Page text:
Civil War Journal of Samuel Oliver Bereman, page 6
In the 4th Iowa Cavalry
June 16-June 28, 1863
June 16 1863
The regt. moved camp out to Clear Creek - about eight miles. Had some green corn for supper. Also some ripe peaches and pears & any amount of plums and blackberr1es.
Co. K. on picket last night again - as usual. Came back to camp today & drew 40 Sharp's Carbins to each co. in the regt. We are better prepared now to do the duty of soldiers.
Went with a part of the regt. under command of Col. Hammond. A. A. G. of Gen. Sherman & Staff on a scout to Black river. Had a little skirmish with some rebels & chased them five miles. Drove in a lot of cattle and sheep for the army to eat.
Sergt. Housel of co D. & eight men of this regt. Sol. Cavence & myself from co. K. were detailed as couriers for Gen. Sherman. Went with Col. Hammond across to Gen. Osterhaus Div. at Black river Bridge. Camped two miles from there on the road to Vicksburg. Well this is a new business for me. Don't know how I shall like it, but expect to like it very well. Just so I get enough to eat I'll get along.
Came on to Sherman's Hd. Qrs. where we arrived about noon. Found him encamped on Walnut Hills within a quarter of a mile of our lines around the city. We heard the heaviest firing this morning we have heard yet. At a distance of twelve miles, the musketry was plainly heard.
Lay in camp all day. We built us a shed to sleep under. Drew ten days rations. We get lightbread & ham and beans which are a great rarity with us. Think I shall like being Orderly first rate. There are half a dozzen other Orderlies here. They belong to Tilghman's Cav. the 1st Ill. The regt. were captured at Lexington Mo. & took the oath to never take up arms again.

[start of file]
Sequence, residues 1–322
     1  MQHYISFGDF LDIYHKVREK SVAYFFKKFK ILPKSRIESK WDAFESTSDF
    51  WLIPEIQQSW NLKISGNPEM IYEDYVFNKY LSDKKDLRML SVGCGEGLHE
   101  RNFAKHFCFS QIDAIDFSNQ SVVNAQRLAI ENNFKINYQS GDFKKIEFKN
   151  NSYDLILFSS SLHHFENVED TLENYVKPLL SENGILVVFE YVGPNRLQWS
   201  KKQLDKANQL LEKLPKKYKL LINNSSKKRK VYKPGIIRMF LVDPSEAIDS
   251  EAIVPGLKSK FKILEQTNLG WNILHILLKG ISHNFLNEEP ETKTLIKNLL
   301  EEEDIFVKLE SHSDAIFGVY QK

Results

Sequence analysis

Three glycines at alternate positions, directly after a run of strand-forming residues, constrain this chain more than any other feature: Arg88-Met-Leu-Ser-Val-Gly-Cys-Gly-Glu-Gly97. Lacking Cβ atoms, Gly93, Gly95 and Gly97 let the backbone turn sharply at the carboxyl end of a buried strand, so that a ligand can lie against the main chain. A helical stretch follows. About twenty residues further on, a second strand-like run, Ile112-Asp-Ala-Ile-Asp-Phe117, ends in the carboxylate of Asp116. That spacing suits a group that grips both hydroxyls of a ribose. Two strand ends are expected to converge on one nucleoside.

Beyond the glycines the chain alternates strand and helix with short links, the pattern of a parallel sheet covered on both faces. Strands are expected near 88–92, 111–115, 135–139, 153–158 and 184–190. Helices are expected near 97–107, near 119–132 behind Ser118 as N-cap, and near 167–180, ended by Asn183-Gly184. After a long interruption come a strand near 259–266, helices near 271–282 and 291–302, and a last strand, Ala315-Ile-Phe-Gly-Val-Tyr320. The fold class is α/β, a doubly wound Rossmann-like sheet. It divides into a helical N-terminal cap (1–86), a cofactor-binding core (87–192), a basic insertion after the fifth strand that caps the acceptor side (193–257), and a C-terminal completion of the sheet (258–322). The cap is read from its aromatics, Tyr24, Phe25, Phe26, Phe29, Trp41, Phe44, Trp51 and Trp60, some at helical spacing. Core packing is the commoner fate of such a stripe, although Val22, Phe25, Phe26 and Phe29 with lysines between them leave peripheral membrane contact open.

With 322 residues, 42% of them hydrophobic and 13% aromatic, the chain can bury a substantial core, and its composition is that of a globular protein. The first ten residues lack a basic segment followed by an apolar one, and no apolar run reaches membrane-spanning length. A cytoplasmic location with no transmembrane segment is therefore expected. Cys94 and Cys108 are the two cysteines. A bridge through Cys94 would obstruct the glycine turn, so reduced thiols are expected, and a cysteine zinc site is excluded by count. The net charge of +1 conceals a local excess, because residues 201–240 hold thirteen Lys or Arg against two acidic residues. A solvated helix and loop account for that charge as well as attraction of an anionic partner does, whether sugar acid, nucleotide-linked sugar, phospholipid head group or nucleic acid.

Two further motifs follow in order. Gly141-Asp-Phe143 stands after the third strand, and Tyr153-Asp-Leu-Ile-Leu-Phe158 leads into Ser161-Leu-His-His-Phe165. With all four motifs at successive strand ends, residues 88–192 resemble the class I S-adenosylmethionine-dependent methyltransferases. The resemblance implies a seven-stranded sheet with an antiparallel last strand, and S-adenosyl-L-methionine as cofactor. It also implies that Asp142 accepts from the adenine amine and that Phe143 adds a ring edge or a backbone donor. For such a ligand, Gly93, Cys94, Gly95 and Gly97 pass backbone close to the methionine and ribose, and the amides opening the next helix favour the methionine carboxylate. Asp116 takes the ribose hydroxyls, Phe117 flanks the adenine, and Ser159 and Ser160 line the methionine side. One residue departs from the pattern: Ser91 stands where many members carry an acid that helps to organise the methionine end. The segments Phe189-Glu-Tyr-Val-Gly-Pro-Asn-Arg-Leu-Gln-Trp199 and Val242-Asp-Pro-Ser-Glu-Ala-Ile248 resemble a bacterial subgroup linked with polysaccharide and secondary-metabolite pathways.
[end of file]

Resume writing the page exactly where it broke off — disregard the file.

June 22 1863
Went down to Chickasaw landing on the Yazoo to get my horse shod. When I returned I heard some very exciting news from our regt. A detail from four cos. A, I. K. & T. in all 120 men were out blockading the roads in the rear to keep Gen. Johnson[sic] out. While at work they were surprised and surrounded by 1200 rebels when a desperate conflict ensued, resulting in the entire defeat of our boys, but not untill they had fired away all their amunition - some of them even taking that from the cartridge boxes of their fallen comrades. Our whole loss in killed wounded & prisoners was 50 more than one third. Our co. lost two killed - John Yancy & Milton Frame - two Mortally wounded - Lieut. Gardner & James Moore, and seven prisoners. Co. A. had eight men killed on the field. The rebels lost 40 men killed and wounded. Our boys wanted to try their new Carbins. We also lost a small Howitzer which we captured at Jackson from the rebels. I was lucky in being detailed when I was or I might have been among the unfortunate - but brave boys who "Falling fought - and fighting fell." Milt. Frame was one of the best soldiers in the co. Brave self denying, cheerfully doing his duty at all times he was beloved by all who knew him. I had seen him tried before the war - having "crossed the mountains & the plains" with him in search of gold, where he was stricken down with the fever. But uncomplaining he lay for long weary days, except when in his delirium he called wildly for his mother. He was my mess mate. Lieut. Gardner was well beloved by all. He was shot through the head while in the act of leading the co. to the charge.